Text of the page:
Tom Cohen:

    The wonderful thing with all fiber networks, in effect, once you put them in, they are future proof. You add your electronics, your hardware, you add your software, and the performance capabilities, I don’t want to say they’re infinite, but boy, they’re far beyond even what we think about today. I just saw the other day someone’s offering, forget gigabit symmetric service, they’re offering 10 gig symmetric service. It’s incredible.

    Fiber Broadband Association Public Policy

    Craig Corbin:

    There is so much work that is going on in the Public Policy Committee at the FBA. What are some other things that are on target now for the committee?

    Tom Cohen:

    We are constantly looking to remove barriers to deployment. We’ve worked on facilitating access to poles, ducts and conduit, both in terms of the speed of access and trying to lower the cost. That cost becomes material as you build out. We’re trying to do the same thing with public and private right of way – speeding access, lowering the cost, to facilitate builds as best you can. Then, we’re working on these subsidy programs to ensure that the targets are more than 25/3. The idea again is, if you spend it once to put in fiber, you don’t have to keep coming back. That was the mistake the FCC made in the early Connect America Fund programs. They just incrementally dialed up the performance. And what’s happening? We’ve got to go back and do it again. So the key is, is do it once, do it right. We’re working on that.

    Tom Cohen:

    We also recently proposed to the National Telecommunications and Information Administration an overall fiber acceleration strategy, including this gigabit symmetric target, removing barriers, and facilitating entry. Which from Fiber Broadband Association’s viewpoint, means that if the private sector’s not building, then it isn’t just government subsidy, but it is government entry. We’ve seen where municipalities are saying to the private sector, “Either you come in or we’re going to do it,” because broadband is essential. We need to get all fiber connectivity.

    Tom Cohen:

    Another target is workforce training and education. What we’re finding is, as we rush to build all fiber networks, we need more people out there or else it becomes a real gap in terms of our ability to accelerate deployment. The President and CEO of the Fiber Broadband Association, Lisa Youngers, has made this a focus and has a new committee focusing on this. Lisa’s also on the FCC’s Broadband Deployment Advisory Committee on this workforce training issue. So we need to look at what barriers are out there and lower them as quickly as we can.

    Craig Corbin:

    You referenced the government subsidies, the programs that are there to potentially fund tremendous expansion of networks. Part of that equation is the definition of what areas are unserved or underserved, and that is dependent upon mapping existing providers. That’s been a concern over the years with regard to the accuracy of the data. From your perspective, are you beginning to see a move toward methods that might provide more accuracy than what we’ve had in the past?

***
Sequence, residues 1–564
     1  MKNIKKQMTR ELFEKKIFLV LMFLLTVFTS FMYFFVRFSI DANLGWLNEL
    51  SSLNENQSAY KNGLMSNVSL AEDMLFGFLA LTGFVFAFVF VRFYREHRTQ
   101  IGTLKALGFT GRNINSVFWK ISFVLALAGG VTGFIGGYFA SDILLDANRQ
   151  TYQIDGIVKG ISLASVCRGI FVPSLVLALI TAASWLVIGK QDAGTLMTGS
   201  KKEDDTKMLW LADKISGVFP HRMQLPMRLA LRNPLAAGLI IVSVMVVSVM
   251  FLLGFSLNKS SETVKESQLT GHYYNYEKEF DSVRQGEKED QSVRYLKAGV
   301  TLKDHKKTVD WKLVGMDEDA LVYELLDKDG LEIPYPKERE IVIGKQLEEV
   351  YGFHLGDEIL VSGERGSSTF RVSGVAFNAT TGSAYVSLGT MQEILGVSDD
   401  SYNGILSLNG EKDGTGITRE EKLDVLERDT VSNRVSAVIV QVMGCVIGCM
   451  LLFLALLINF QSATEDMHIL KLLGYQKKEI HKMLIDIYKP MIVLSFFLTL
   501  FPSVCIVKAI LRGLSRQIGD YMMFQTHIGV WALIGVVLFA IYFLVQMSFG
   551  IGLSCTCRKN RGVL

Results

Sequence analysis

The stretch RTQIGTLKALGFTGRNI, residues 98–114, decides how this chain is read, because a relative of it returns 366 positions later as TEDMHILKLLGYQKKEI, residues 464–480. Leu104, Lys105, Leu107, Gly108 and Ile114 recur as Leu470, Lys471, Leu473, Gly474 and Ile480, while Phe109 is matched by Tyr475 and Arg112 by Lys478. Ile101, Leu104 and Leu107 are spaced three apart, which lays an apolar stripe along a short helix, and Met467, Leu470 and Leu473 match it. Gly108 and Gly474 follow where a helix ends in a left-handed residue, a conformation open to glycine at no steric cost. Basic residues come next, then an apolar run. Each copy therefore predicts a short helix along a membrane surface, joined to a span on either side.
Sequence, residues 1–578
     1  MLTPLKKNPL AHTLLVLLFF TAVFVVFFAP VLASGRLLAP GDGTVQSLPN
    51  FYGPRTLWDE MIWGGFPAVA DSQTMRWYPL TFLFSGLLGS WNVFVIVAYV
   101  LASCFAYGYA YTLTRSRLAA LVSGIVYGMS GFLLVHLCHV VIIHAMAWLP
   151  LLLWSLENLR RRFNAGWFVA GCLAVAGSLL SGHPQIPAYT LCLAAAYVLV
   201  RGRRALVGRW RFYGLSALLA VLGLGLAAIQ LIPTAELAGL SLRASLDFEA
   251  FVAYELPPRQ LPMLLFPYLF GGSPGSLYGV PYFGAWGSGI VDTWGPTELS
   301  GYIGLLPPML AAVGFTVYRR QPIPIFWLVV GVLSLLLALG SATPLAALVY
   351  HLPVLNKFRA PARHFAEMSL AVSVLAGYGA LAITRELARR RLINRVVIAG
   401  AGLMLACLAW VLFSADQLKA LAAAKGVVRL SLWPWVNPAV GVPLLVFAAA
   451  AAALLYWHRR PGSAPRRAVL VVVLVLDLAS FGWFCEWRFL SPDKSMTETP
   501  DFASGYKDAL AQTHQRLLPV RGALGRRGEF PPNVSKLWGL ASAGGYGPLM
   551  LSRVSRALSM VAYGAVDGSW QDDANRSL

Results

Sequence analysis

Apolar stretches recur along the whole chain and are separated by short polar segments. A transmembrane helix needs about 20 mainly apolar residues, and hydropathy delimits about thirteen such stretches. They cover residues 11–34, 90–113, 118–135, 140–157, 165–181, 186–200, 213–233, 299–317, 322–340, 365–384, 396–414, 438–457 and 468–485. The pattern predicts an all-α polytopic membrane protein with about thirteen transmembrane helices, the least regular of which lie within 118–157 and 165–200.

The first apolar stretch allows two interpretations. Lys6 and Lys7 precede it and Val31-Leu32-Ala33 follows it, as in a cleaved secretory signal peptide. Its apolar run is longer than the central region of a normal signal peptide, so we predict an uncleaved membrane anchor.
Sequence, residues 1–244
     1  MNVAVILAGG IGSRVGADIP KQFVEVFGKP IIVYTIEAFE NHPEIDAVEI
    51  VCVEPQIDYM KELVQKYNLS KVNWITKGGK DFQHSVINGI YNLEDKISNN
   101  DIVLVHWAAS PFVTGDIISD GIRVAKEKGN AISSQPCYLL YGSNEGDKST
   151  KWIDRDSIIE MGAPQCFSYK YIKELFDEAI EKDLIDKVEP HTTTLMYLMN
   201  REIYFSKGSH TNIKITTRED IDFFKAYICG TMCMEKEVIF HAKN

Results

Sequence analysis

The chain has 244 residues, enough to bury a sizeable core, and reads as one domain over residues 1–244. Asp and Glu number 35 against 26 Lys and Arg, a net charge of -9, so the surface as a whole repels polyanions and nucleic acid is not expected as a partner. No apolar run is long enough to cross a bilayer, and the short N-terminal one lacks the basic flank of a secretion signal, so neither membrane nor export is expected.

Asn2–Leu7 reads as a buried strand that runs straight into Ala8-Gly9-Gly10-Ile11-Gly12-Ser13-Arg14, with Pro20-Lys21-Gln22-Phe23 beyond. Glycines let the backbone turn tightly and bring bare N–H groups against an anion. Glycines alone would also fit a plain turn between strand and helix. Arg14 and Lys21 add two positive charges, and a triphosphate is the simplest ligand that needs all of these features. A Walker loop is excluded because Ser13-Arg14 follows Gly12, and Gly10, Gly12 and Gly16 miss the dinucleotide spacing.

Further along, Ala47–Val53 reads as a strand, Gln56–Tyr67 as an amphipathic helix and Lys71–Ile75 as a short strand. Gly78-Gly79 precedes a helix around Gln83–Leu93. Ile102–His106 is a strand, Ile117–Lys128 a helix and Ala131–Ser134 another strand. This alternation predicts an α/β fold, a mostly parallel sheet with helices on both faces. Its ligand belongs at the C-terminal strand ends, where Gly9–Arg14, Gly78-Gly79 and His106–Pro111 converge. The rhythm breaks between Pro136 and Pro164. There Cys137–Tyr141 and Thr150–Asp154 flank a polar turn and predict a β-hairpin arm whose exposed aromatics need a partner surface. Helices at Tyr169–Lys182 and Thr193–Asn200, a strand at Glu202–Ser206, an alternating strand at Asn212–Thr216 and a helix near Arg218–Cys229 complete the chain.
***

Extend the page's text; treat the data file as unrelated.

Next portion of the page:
Defining Unserved and Underserved Broadband Areas

    Tom Cohen:

    It’s been a real concern, the accuracy of the maps. The FCC focused on this a year ago by adopting the Digital Opportunity Data Collection, which is requiring wireline providers to change from just saying, “Are they in a census block?” to saying, “Here is the shape file or polygon of my coverage area.” Then we added to that when Congress passed legislation, the Broadband Data Act, earlier this year.  A month ago, the FCC began to implement that Act which will build on this polygon coverage, and over time, create a national map geo-locating every, in a sense, location where broadband can be provided.  Then the providers are going to have to submit data based on that – showing where exactly are they providing service?

    Tom Cohen:

    We’re getting there. It’s going to take a little bit of time. One of the things with the RDOF auction, permitting it to go forward, is that these are completely unserved census blocks. There’s really no mapping issue with those because we know they are not served by broadband at speeds of 25/3.

    Tom Cohen:

    The other question you asked is, how do you define unserved? It once was the areas that didn’t get 4/1 broadband, then it was 10/1 broadband and now it’s 25/3. The discussion now is, is that where we should be today? Should we not be at 100/20 instead?

    Tom Cohen:

    The Fiber Broadband Association said, in a sense, cut out the middleman. It’s any area that’s not getting fiber. Let’s start really going to what we need instead of some interim technology. What we want to do is get all fiber networks out as far as we can. We’re not there yet. This is what the debate is about – what’s unserved. The concept of underserved is a bit squishy as to what it means so that’s why policy makers have really tried to say, “Is the area unserved or not?” and use that as the basis for moving forward.

    Craig Corbin:

    Another topic that is of interest in the industry is that of spectrum allocation and reallocation. What are your thoughts on that topic?

    Broadband Spectrum Allocation & Reallocation

    Tom Cohen:

    I think it’s always moving slower than the wireless providers want, but the amount of new spectrum the FCC has allocated for commercial use over the past 3-4 years has been incredibly significant. The millimeter wave bands e.g. 24, 28, 37, 39, 42 etc. they’ve already held the auctions on those. It’s taken a while to get the 3.5 CBRS spectrum out there, but that auction is ongoing right now. Later this year, they’re going to do the very important C-band auction, 3.7 to almost 4.0 mid-band spectrum.

    Tom Cohen: